15. 15. model, which most of the computer industry has used, exposes manufacturers and others in the distribution chain to the risk of carrying excess or obsolete inventories. The historical model limits the computer manufacturers' flexibility to react to rapid technology changes and component pricing fluctuations. In response, the leading manufacturers require their hard drive suppliers to maintain a small base stock of finished product in locations adjacent to the customers' manufacturing facilities. In addition, some of the Company's customers have implemented a supply chain logistics model that combines quot;build-to-orderquot; (computer manufacturer does not build until there is an order backlog) and quot;contract manufacturingquot; (computer manufacturer contracts assembly work to a contract manufacturer who purchases components and assembles the computer based on the computer manufacturer's instructions.) The Company then ships hard drives directly to the assembler for installation at its location. The Company has adapted its logistics model to effectively align with these industry shifts. These changes require greater skill in managing finished goods inventory and more flexibility in manufacturing, both of which in turn require even closer relationships between the Company and its computer manufacturer and contract manufacturer customers. To meet these challenges the Company is expanding its use of Internet technology and web-based supply chain planning tools. For an additional discussion of the changes in customer models, refer to Part II, Item 7, under the headings quot;Risk factors related to Western Digital particularly,quot; and quot;Risk factors related to the hard drive industry in which we operate.quot; The Company maintains a base stock of two to three weeks of current, finished goods inventory for certain key computer manufacturer customers in facilities located adjacent to their operations. Inventory at these locations usually includes minor product customizations (such as labeling) for the related computer manufacturer. If subsequent to its initial order the computer manufacturer changes its requirements, inventory held at these facilities can be sold to other computer manufacturers or distributors as is or with minor modifications (such as a change in labeling) at little or no additional cost. Therefore, these arrangements, even if not fulfilled, have minimal impact on inventory valuation. Distributors. The Company uses a select group of distributors to sell its products to small computer manufacturers, value-added resellers, resellers and systems integrators. The Company's major distributor customers include ASI, CHS, Decision Support Systems, ELD, Ingram Micro, Merisel, Servex, Synnex and Tech Data. Distributors and retailers combined accounted for approximately 28%, 31%, and 30% of disk drive revenue for 1997, 1998, and 1999, respectively. Distributors generally enter into non-exclusive agreements with the Company for purchase and redistribution of product on a quick turnover basis. Purchase orders are placed and revised on a weekly basis. The Company grants certain of its distributors price protection and limited rights to return product on a rotation basis. Retailers. The Company sells its retail-packaged products directly to a select group of major retailers such as computer superstores, warehouse clubs and computer electronics stores and authorizes sales through distributors to smaller retailers. Major retailers to whom the Company sells directly include Best Buy, Carrefour, Circuit City, CompUSA, Dixons, Office Depot and Vobis. Retailers accounted for approximately 3.1%, 4.7%, and 6.3% of revenue for 1997, 1998, and 1999, respectively. The Company's current retail customer base is in the United States and Canada. The retail channel complements the Company's other sales channels while helping to build brand awareness for the Company and its products. Retailers supply the aftermarket quot;upgradequot; sector in which end-users purchase and install products to upgrade their computers. The Company grants certain of its retailers price protection and limited rights to return product on a rotation basis. The Company maintains sales offices throughout North America, Eastern and Western Europe, the Middle East, Japan and Southeast Asia. Field application engineering is provided to strategic computer manufacturer accounts, and end-user technical support services are provided within the United States and Europe. The Company's end-user technical support is supplied by both employees and qualified third-party support organizations through telephone support during business hours and via the Company's web site. The Company's international sales, which include sales to foreign subsidiaries of U.S. companies, represented 47%, 43% and 45% of revenues for fiscal years 1997, 1998 and 1999, respectively. Sales to international customers may be subject to certain risks not normally encountered in domestic operations, including exposure to tariffs, various trade regulations and fluctuations in currency exchange rates. See Part II, Item 7, under the heading quot;Risk factors relating to Western Digital particularly.quot; For information concerning revenue recognition, sales by geographic region and significant customer information, see Notes 1 and 7, respectively, of Notes to Consolidated Financial Statements. The Company's marketing and advertising functions are performed both internally and through outside firms. Advertising, direct marketing, worldwide packaging and marketing materials are targeted to various end-user segments. Western Digital utilizes both consumer media and trade publications. The Company has programs under which qualifying manufacturers and resellers are reimbursed for certain advertising expenditures. Western Digital also invests in direct marketing and customer satisfaction programs. The Company Bowne Conversion 10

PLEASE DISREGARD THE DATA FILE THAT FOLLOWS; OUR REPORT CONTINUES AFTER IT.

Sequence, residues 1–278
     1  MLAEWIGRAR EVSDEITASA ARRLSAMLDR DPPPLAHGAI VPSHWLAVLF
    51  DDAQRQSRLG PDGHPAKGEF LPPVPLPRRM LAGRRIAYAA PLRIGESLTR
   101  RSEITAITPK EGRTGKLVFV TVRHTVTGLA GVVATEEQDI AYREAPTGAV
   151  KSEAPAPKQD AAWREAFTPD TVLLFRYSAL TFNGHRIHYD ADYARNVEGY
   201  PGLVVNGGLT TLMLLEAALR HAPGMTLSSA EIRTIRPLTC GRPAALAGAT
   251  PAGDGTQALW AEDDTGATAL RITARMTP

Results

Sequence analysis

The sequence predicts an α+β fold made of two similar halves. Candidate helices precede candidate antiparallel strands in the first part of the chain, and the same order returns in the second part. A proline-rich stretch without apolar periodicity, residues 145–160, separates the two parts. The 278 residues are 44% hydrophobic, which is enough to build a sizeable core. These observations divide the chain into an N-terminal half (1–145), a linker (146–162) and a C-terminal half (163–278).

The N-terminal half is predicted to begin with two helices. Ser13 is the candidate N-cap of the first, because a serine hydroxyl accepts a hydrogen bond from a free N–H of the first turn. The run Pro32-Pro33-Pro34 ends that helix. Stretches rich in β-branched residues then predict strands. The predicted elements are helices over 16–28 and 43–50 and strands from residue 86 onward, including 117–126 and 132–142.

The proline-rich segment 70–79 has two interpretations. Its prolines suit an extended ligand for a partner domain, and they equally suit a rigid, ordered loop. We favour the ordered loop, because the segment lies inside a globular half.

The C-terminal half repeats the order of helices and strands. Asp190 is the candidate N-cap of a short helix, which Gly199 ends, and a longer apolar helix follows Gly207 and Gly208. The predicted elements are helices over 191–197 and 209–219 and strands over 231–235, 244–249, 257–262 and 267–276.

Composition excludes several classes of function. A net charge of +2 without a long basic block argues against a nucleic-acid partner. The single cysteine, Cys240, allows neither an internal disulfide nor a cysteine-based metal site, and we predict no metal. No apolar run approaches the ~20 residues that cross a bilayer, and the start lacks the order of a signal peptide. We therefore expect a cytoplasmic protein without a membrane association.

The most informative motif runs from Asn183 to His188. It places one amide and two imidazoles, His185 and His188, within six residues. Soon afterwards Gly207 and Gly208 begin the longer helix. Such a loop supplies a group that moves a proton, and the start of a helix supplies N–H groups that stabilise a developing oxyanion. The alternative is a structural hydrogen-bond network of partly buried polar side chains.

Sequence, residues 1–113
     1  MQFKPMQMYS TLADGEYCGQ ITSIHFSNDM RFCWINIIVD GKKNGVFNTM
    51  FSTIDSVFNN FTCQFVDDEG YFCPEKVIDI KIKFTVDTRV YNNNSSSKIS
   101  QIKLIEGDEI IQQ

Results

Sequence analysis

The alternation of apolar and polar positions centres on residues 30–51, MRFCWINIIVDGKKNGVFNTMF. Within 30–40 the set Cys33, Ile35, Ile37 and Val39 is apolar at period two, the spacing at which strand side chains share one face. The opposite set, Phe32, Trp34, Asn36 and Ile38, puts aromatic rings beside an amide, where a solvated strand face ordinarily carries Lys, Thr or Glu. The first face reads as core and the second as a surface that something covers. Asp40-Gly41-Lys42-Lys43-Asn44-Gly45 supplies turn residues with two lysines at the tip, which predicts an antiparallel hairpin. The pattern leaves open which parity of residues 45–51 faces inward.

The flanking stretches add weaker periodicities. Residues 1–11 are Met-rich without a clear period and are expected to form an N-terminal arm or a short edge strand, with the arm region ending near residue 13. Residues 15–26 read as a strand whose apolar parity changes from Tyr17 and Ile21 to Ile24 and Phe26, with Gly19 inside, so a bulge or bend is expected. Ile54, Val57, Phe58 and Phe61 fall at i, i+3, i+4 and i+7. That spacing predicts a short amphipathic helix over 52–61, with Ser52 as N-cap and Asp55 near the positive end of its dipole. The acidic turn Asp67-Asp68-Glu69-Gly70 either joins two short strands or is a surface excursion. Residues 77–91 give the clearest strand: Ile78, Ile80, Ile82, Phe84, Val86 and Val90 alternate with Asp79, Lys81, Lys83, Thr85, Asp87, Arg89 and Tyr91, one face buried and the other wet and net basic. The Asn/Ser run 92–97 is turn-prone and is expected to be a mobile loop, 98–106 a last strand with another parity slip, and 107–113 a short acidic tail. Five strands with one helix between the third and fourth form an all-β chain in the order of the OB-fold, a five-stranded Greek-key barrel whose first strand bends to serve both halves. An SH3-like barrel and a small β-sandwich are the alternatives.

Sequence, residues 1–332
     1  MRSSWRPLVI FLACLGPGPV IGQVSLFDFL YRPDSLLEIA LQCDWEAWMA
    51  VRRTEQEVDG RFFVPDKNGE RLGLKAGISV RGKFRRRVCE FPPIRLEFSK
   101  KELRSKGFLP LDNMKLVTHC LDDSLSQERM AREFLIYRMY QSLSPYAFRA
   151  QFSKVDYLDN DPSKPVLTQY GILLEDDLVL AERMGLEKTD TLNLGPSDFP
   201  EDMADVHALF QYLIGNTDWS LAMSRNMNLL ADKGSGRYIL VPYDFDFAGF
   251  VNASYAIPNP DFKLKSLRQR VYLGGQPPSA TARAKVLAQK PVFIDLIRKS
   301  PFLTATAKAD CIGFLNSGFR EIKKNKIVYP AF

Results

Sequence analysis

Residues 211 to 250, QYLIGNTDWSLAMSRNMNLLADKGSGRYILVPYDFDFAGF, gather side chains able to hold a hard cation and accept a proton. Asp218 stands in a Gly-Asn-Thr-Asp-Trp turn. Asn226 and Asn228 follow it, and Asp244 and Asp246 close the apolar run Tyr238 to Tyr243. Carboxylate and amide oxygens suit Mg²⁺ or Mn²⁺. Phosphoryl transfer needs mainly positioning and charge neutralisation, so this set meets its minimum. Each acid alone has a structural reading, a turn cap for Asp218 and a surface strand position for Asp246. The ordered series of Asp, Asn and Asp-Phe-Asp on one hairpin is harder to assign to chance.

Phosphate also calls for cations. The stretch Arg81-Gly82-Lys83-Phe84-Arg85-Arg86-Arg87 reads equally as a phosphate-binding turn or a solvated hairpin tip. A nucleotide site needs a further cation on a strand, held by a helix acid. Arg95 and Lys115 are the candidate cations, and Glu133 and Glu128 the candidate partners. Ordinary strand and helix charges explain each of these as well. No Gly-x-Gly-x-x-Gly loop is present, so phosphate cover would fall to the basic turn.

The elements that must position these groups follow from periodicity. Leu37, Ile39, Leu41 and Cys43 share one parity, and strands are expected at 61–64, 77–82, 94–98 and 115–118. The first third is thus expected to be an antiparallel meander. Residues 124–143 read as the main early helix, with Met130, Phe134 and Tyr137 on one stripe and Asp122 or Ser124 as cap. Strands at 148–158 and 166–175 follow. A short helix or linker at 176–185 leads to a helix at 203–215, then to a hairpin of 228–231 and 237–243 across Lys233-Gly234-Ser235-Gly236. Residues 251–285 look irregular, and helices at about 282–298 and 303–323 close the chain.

16. 16. maintains ongoing contact with end users through primary and secondary market research, focus groups, product registrations and technical support databases. Competition In the desktop product market, the Company competes primarily with Fujitsu, IBM, Maxtor, Quantum, Samsung, and Seagate. In the enterprise market, the Company competes primarily with Fujitsu, Hitachi, IBM, Quantum, and Seagate. The hard drive industry is intensely competitive, with hard drive suppliers competing for a limited number of major customers. Hard drives manufactured by different competitors are highly substitutable due to the industry mandate of technical form, fit and function standards. Hard drive manufacturers compete on the basis of product quality and reliability, storage capacity, unit price, product performance, production volume capabilities, delivery capability, leadership in time-to-market, time-to-volume and time-to-quality and ease of doing business. The relative importance of these factors varies among different customer and market segments. The Company believes that it is generally competitive in all of these factors. The Company believes that it cannot differentiate its hard drive products solely on attributes such as storage capacity; therefore, the Company also differentiates itself by designing and incorporating into its hard drives desirable product performance attributes and by emphasizing rapid response with its computer manufacturer and distribution customers and brand equity with its end users. These product performance attributes include seek time, data transfer rates, intelligent caching, failure prediction, remote diagnostics, acoustics and data recovery. Rapid response requires accelerated design cycles, customer delivery and production flexibility, which contribute to customer satisfaction. Data storage has become strategically critical for computer end users. Consequently, the Company believes that trust in a manufacturer's reputation has become an important factor in the selection of a hard drive, particularly within such a rapidly changing technology environment. The Company believes it has strong brand equity with its end users. During 1997, the Company significantly increased its market share in the desktop hard drive market. The Company's market share eroded in 1998, primarily due to competitive conditions in the hard drive industry (with resulting cutbacks in production), the timing of the Company's transition from thin film to magnetoresistive head technology and certain manufacturing and performance issues encountered as the Company pushed thin film head technology to its limits. The Company completed its transition to magnetoresistive technology in 1999 and began its transition to giant magnetoresistive technology; however, the competitive conditions in the hard drive industry continued and the Company's market share eroded further due to cutbacks in production. The desktop market is characterized by more competitors and shorter product life cycles than the enterprise market; therefore, it has traditionally been subject to periods of sustained and severe price competition, and factors such as time-to-market can have a more pronounced effect on the success of any particular product. The enterprise portion of the hard drive market is more concentrated than the desktop portion, with the two largest competitors, Seagate and IBM, having market shares approaching 40%. During the past two years price competition in the enterprise market has increased, and the Company expects that it will continue to increase. Introduction of the WD Enterprise™ drives into the enterprise market was successful because of high product quality, competitive product performance and the Company's ability to leverage its customer and supplier relations from the desktop market; however, the Company's future success in the enterprise storage market is heavily dependent on the successful development, timely introduction and market acceptance of new products. The Company expects that the products under development by Connex will face significant competition from established manufacturers of network attached storage devices. For an additional discussion of the challenges facing Connex, see Part II, Item 7, under the heading quot;Risk factors related to Western Digital particularly.quot; Advances in magnetic, optical or other data storage technologies could result in competitive products that have better performance or lower cost per unit of capacity than the Company's hard drive products. Some of the Company's competitors are developing hybrid storage devices that combine magnetic and optical technologies, but the Company has decided not to pursue this technology at this time. High-speed semiconductor memory could compete with the Company's hard drive products in the future. Semiconductor memory is much faster than magnetic disk drives, but currently is volatile (i.e., subject to loss of data in the event of power failure) and much more costly. Flash memory, a nonvolatile semiconductor memory, is currently much more costly and, while it has higher quot;readquot; performance than disk drives, it has lower quot;writequot; performance. Flash memory could become competitive in the near future for applications requiring less storage capacity than hard drives can provide. Bowne Conversion 11